Plastic: a protector or polluter?

The industrial halt caused by the Covid-19 has been deemed as beneficial to the environment and numerous activists believe that the implications of lockdowns across the world have aided wildlife and habitats. However, the effects of the pandemic on the plastic industry are being overlooked, and fears over a reset of time in this industry are beginning to emerge. 

As the pandemic rages on across the world, institutions and governments are making instantaneous decisions as a stimulus to the myriad of problems being faced by the world community. One such hasty decision has been in regard to the use of plastic bags. As a measure to avoid contact between people, governments are lifting bans on plastic products due to their versatility, affordability and durability. As states such as California and New York in the USA, Tamil Nadu in India and the whole of the United Kingdom lift such bans, the prevalence of single-use plastic has started sky-rocketing. Packaging in plastic is being preferred because it is disposable and hence, arguably more hygienic than reusable bags and packaging. The constraints in the supply chain of reusable bags have proven that in such unprecedented times, plastic- the bedrock of medical equipment- can actually be a protector of the people. 

The recycling industry is also undergoing a stress test as workers are unable to collect the plastic littered on the streets and supply it to recycling factories. Furthermore, advisories asking citizens to not use reusable materials are being released in various parts of the world. San Francisco, the hub of reusable bags, which once considered them as ‘totems’ of the society, has outlawed these bags completely. Environmentalists are growing wary of this situation, and although one can agree that plastic has become indispensable currently, its long term impacts can be shattering for the environment. As many fear that Covid-19 may soon become a part of our daily lives, the burgeoning pandemic can potentially lead to an exponential growth in the usage of plastic. Activists are seeing their push for sustainability being thrown out of the window as personal health concerns topple environmental concerns.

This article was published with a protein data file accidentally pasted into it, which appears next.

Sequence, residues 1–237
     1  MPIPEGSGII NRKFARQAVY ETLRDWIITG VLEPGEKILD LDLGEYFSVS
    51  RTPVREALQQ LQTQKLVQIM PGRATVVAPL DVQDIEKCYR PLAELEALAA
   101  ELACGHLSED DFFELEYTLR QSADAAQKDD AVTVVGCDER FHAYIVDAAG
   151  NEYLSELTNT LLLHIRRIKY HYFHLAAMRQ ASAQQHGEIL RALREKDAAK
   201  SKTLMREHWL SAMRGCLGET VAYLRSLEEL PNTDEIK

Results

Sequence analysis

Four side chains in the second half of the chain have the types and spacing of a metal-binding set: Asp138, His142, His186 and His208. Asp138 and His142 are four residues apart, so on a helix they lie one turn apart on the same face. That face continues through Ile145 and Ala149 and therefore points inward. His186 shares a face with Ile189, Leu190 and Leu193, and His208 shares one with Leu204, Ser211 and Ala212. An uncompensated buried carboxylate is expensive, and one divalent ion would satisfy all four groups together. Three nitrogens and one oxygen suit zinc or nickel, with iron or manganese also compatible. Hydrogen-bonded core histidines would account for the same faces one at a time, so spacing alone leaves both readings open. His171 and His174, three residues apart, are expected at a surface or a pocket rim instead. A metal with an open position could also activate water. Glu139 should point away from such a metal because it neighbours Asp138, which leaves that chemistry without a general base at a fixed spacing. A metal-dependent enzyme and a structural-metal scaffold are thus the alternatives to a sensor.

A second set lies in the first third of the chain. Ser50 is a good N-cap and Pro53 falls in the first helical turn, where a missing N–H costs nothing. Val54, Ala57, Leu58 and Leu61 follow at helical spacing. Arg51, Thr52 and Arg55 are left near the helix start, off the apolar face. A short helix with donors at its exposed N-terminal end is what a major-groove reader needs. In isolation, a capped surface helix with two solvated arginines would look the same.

After decades, when it seemed as though the use of plastics would finally start plummeting, the debate between the pertinent use of plastic versus its long-term effects has resumed once again. The current global health crisis, however, has imparted plastic with an edge this time. Moreover, plastic now serves as the biggest impediment to circular economies-based on recycling and reusing products- which have become imperative in the present day and age. Claims that the virus lasts longer on plastic surfaces and pleas stating that reusable bags can be washed and are therefore hygienic have fallen on deaf ears. The linear-use and throw economic model that the use of plastic propagates can prove to be detrimental to nature. Spiralling oil prices have made plastic cheaper and pending economic struggle, single-use plastic circulation is on the rise. 

With this resurgence of plastic in our daily lives, finding solutions towards sustainability, even during a pandemic, is essential. The most prominent solution to this issue has been the incorporation of plastic into the circular economy. Research and development in the recycling sector can generate methods to recycle all types of plastics, thus allowing for plastic to serve solely as a protector. While the idea seems far-fetched, it is a long-term solution that could be integral to sustainable living. Imminent solutions could include spreading awareness that reusable bags are actually hygienic and promoting corporations to use recycled plastics. 

For now the world faces another dilemma, is plastic a polluter or a protector?

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